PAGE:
Natural variation of secondary metabolism between different accessions of Arabidopsis thaliana (A. thaliana) has been studied extensively. In this study, we extended the natural variation approach by including biological variability (plant-to-plant variability) and analysed root metabolic patterns as well as their variability between plants and naturally occurring accessions. To screen 19 accessions of A. thaliana, comprehensive non-targeted metabolite profiling of single plant root extracts was performed using ultra performance liquid chromatography/electrospray ionization quadrupole time-of-flight mass spectrometry (UPLC/ESI-QTOF-MS) and gas chromatography/electron ionization quadrupole mass spectrometry (GC/EI-QMS). Linear mixed models were applied to dissect the total observed variance. All metabolic profiles pointed towards a larger plant-to-plant variability than natural variation between accessions and variance of experimental batches. Ratios of plant-to-plant to total variability were high and distinct for certain secondary metabolites. None of the investigated accessions displayed a specifically high or low biological variability for these substance classes. This study provides recommendations for future natural variation analyses of glucosinolates, flavonoids, and phenylpropanoids and also reference data for additional substance classes.


Ranf, S., Scheel, D. & Lee, J. Challenges in the identification of microbe-associated molecular patterns in plant and animal innate immunity: a case study with bacterial lipopolysaccharide Mol Plant Pathol. 17, 1165–1169 , (2016) DOI: 10.1111/mpp.12452


Penselin, D., Münsterkötter, M., Kirsten, S., Felder, M., Taudien, S., Platzer, M., Ashelford, K., Paskiewicz, K. H., Harrison, R. J., Hughes, D. J., Wolf, T., Shelest, E., Graap, J., Hoffmann, J., Wenzel, C.: Wöltje, N., King, K. M., Fitt, B. D. L., Güldener, U., Avrova, A. & Knogge, W. Comparative genomics to explore phylogenetic relationship, cryptic sexual potential and host specificity of Rhynchosporium species on grasses BMC Genomics 17, 953, (2016) DOI: 10.1186/s12864-016-3299-5


The Rhynchosporium species complex consists of hemibiotrophic fungal pathogens specialized to different sweet grass species including the cereal crops barley and rye. A sexual stage has not been described, but several lines of evidence suggest the occurrence of sexual reproduction. Therefore, a comparative genomics approach was carried out to disclose the evolutionary relationship of the species and to identify genes demonstrating the potential for a sexual cycle. Furthermore, due to the evolutionary very young age of the five species currently known, this genus appears to be well-suited to address the question at the molecular level of how pathogenic fungi adapt to their hosts.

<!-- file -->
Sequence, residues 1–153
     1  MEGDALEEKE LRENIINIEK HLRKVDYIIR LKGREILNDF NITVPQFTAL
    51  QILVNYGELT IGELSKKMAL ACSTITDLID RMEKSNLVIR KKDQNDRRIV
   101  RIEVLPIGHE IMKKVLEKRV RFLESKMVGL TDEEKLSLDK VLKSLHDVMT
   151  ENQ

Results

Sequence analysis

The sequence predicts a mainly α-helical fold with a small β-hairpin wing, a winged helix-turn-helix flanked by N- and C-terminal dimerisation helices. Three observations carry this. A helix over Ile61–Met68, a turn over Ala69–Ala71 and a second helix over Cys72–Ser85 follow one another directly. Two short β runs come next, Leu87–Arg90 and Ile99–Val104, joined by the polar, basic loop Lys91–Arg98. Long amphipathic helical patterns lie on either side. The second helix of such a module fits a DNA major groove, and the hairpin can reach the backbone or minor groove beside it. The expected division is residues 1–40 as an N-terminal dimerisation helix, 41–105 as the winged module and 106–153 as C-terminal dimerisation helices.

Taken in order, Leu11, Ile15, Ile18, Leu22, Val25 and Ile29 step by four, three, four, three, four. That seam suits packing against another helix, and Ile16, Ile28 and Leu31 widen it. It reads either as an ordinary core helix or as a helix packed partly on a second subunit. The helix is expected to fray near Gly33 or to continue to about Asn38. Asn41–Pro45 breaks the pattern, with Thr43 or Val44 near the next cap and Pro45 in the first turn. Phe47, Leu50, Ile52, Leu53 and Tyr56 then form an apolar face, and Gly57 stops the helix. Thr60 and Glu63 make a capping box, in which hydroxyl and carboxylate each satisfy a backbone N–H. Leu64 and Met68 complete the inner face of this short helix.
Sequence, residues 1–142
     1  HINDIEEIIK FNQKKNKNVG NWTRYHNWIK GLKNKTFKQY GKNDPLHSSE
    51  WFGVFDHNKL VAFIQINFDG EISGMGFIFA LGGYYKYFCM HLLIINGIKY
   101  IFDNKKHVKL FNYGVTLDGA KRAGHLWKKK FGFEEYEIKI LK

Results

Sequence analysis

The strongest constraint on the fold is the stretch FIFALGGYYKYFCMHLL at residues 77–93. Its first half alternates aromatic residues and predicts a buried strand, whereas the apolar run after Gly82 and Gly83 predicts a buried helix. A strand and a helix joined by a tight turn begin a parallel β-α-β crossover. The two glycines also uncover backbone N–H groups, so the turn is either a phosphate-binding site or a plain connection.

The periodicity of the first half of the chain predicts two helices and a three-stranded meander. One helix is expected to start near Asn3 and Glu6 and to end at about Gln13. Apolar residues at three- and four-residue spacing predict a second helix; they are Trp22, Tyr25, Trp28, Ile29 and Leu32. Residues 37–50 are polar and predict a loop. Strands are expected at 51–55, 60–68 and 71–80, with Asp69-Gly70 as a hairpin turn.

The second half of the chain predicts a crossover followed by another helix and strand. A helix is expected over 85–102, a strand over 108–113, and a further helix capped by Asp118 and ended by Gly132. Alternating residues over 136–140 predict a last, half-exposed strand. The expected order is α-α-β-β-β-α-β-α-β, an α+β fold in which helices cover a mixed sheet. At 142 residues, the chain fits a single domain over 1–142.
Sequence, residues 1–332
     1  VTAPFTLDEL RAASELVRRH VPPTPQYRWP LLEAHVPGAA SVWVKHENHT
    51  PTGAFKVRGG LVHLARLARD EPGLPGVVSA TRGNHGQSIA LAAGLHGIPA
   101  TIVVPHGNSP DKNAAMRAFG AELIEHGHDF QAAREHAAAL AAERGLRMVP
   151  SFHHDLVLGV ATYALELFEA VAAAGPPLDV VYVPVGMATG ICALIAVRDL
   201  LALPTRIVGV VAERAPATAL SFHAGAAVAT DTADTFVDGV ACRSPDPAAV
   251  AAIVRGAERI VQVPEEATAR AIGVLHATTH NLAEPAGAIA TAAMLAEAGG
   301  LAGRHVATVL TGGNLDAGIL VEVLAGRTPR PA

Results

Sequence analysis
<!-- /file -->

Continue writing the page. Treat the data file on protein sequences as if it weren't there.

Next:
The genomes of the different Rhynchosporium species were sequenced, assembled and annotated using ab initio gene predictors trained on several fungal genomes as well as on Rhynchosporium expressed sequence tags. Structures of the rDNA regions and genome-wide single nucleotide polymorphisms provided a hypothesis for intra-genus evolution. Homology screening detected core meiotic genes along with most genes crucial for sexual recombination in ascomycete fungi. In addition, a large number of cell wall-degrading enzymes that is characteristic for hemibiotrophic and necrotrophic fungi infecting monocotyledonous hosts were found. Furthermore, the Rhynchosporium genomes carry a repertoire of genes coding for polyketide synthases and non-ribosomal peptide synthetases. Several of these genes are missing from the genome of the closest sequenced relative, the poplar pathogen Marssonina brunnea, and are possibly involved in adaptation to the grass hosts. Most importantly, six species-specific genes coding for protein effectors were identified in R. commune. Their deletion yielded mutants that grew more vigorously in planta than the wild type.


Both cryptic sexuality and secondary metabolites may have contributed to host adaptation. Most importantly, however, the growth-retarding activity of the species-specific effectors suggests that host adaptation of R. commune aims at extending the biotrophic stage at the expense of the necrotrophic stage of pathogenesis. Like other apoplastic fungi Rhynchosporium colonizes the intercellular matrix of host leaves relatively slowly without causing symptoms, reminiscent of the development of endophytic fungi. Rhynchosporium may therefore become an object for studying the mutualism-parasitism transition.

Printed publications

Küster, N., Rosahl, S. & Dräger, B. Potato plants with genetically engineered tropane alkaloid precursors Planta (2016) DOI: 10.1007/s00425-016-2610-7

Solanum tuberosumtropinone reductase I reduced tropinone in vivo. Suppression of tropinone reductase II strongly reduced calystegines in sprouts. Overexpression of putrescineN-methyltransferase did not alter calystegine accumulation.